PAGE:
Everything is different and everything is the same on Oooh-La-La!, Crash Test Dummies' first album after a six-year hiatus. Different because Brad Roberts, assisted by Antony & the Johnsons' producer Stewart Lerman, composed the bulk of the record with old toy instruments, relying in particular on the Optigan, an electronic instrument that came crammed with rhythmic presets. Each preprogrammed rhythm represented a different musical style, so Roberts wrote accordingly, whittling “Paralyzed” from a gauche ¾ jazz sway, “Not Today Baby” in a cabaret shuffle, “Lake Bras d’Or” in a continental crawl, crafting “Now You See Her” out of a flapper jitterbug, and finding “What I’m Famous For” in hyper-country 2-step, something that takes full advantage of how his baritone echoes Johnny Cash. Same because this is still Crash Test Dummies, a band constitutionally incapable of playing things straight, and instead of adding depth, the stylistic potpourri of Ooh-La-La! only emphasizes their inherent jokiness. Now, there have been plenty of bands that walk the fine line of musical parody, having a laugh without neglecting the music, but Roberts has an annoying tendency to sound like he’s barely suppressing his smirk as he sings, laughing at his own jokes like a hack comedian. To be sure, he has some skill -- it’s impressive how he pulled songs out of the Optigan -- but by sounding so delighted with his own cleverness, he undermines the whole shebang.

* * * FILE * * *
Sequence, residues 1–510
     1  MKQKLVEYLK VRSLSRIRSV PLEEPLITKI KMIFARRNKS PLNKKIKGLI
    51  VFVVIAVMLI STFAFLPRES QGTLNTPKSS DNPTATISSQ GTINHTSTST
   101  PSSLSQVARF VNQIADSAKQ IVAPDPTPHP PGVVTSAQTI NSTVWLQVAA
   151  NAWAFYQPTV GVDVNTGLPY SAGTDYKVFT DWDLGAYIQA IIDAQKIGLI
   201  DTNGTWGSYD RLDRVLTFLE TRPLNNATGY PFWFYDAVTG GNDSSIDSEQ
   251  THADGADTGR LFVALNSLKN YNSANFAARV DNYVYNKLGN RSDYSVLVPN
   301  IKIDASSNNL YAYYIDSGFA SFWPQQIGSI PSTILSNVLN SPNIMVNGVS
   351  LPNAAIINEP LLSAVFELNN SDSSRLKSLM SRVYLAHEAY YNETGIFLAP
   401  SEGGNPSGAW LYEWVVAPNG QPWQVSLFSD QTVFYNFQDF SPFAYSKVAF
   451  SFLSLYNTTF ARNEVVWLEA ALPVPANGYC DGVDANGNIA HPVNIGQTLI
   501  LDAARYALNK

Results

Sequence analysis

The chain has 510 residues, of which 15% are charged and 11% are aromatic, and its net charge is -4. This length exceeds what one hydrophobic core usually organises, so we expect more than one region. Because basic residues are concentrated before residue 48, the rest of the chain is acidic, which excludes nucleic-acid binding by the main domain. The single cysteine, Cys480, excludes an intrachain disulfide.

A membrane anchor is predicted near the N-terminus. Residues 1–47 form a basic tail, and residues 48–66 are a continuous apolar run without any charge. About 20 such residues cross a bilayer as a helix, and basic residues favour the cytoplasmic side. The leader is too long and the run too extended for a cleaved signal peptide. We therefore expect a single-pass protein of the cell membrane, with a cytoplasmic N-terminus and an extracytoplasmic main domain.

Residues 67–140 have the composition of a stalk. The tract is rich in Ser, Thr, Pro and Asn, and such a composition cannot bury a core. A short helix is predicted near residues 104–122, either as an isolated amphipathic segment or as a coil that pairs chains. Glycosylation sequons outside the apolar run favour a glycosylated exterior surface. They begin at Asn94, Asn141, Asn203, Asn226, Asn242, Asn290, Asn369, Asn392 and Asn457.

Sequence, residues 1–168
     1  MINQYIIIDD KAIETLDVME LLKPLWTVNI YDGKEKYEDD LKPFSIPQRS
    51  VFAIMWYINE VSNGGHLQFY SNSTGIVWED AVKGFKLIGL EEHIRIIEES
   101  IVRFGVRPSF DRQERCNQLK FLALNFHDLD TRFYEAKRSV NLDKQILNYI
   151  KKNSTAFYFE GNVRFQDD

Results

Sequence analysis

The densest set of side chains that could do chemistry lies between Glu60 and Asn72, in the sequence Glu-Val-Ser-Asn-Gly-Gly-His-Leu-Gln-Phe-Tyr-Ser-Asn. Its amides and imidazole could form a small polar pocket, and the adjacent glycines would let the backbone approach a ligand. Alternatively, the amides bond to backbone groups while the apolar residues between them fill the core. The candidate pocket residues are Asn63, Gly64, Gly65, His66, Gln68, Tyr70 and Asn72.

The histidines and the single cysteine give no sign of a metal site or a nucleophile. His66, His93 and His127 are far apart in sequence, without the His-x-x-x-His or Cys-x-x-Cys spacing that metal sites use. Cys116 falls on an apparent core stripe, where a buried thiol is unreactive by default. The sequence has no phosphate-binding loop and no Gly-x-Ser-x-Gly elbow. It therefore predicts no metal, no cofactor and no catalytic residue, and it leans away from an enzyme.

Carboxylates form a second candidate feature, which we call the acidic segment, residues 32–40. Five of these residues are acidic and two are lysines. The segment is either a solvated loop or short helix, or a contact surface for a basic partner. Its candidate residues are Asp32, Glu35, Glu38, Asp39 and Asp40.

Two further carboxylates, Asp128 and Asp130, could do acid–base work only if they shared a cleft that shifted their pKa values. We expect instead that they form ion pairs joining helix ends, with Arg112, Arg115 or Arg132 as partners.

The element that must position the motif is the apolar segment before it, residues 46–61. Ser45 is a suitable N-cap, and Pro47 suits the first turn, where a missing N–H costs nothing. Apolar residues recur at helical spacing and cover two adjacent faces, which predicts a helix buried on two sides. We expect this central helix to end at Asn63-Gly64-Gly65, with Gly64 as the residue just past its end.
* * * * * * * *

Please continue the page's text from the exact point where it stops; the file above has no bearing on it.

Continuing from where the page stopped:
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AllMusic Review by Stephen Thomas Erlewine